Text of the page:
All of us would prefer to work on code that we love. And all of us are faced with code code that we feel…well, not so warm and fuzzy about. Its the nature of our business.
Legacy code is everywhere. From code that’s just been around a long time to code that was rushed to completion years and years ago and never fixed, we all have to deal with things that are imperfect and challenging to deal with.
It cal feel overwhelming. It can make us want to scrap things altogether and start over. But starting over is almost always a death knell for a project. There are simpler, easier, and more straightforward ways that we can fix large, complex, difficult projects.
Things you can do today.
The tortoise and the hare
Remember that story from childhood? The one about the tortoise and the hare?
The race was set, and the tortoise and the hare begin their respective race to the finish line. The hare, feeling confident, decides to take a nap in the middle of the course. But when he awakens, he discovers that the tortoise has crossed the finish line first.
But what does this have to do with software development?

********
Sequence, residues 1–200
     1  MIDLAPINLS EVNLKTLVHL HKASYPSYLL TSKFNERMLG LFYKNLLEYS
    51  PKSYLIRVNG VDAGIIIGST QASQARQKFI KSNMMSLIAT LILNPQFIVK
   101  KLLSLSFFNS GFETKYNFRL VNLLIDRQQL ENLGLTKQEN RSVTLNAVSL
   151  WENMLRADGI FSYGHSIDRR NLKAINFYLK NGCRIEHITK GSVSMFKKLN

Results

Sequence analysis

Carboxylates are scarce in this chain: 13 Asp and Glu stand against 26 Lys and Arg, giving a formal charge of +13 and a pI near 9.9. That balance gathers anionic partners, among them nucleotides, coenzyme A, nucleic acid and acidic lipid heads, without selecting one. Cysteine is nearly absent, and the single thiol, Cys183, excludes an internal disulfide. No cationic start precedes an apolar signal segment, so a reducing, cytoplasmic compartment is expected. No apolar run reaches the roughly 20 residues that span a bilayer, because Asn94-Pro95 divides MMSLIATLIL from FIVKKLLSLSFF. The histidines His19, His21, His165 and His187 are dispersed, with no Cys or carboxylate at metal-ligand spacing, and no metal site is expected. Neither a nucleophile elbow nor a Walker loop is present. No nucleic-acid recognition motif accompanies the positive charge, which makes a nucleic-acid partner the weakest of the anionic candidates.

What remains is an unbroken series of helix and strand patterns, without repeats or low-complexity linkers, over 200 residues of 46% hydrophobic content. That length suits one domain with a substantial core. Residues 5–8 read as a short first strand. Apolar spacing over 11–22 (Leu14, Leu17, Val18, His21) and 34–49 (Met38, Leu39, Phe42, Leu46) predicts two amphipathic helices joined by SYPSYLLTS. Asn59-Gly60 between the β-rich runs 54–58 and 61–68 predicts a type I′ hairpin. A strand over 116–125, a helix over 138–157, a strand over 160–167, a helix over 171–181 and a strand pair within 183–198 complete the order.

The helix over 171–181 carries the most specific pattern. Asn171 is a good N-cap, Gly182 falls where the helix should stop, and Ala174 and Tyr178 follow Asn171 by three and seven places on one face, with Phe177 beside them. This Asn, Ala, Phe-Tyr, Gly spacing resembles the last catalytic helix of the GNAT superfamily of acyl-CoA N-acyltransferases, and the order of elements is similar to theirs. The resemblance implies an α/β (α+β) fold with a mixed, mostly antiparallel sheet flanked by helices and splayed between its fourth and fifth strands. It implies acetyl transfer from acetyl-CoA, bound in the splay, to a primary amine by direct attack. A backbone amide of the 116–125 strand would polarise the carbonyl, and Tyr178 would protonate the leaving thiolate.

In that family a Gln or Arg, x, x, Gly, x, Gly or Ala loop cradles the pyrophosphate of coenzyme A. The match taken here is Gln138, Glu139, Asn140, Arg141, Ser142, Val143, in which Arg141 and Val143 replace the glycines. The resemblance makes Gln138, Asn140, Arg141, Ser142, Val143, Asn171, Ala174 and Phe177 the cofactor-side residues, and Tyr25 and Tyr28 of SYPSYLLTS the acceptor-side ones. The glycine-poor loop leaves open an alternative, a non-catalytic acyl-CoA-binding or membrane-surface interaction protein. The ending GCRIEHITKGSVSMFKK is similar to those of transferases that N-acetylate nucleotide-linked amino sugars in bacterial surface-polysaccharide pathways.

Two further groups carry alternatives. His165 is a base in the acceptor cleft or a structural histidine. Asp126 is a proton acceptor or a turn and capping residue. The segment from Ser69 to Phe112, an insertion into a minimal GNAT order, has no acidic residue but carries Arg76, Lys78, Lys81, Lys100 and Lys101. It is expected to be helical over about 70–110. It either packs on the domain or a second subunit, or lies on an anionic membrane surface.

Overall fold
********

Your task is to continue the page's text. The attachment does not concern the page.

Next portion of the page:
Small wins make the difference
Sometimes we feel like working on code is impossible. We want a quick solution (like the hare). We want to just throw it away and start over.
But it’s not big wins that makes success. It’s the small ones. It’s the function we rewrite today. It’s the algorithm we simplify tomorrow. Pretty soon, with enough small wins, things begin to change.
The expression, “slow and steady wins the race” applies in software development as much as in life.
So what can you do?
Start today with something overly complex and make it simpler.
Take a function, an algorithm, a complex bit of code and make it simpler, better, more modular. Apply today’s best practices to the code, even if you don’t think it will make much of a difference.
And do the same thing the next day. And the day after that.
Pretty soon, you’ll begin to realize major rewards from minor efforts. And, you’ll also reach a point where major structural changes will both be possible and reasonable – and, if you’ve done your job right, not all that hard.
Slow and steady wins the software race.
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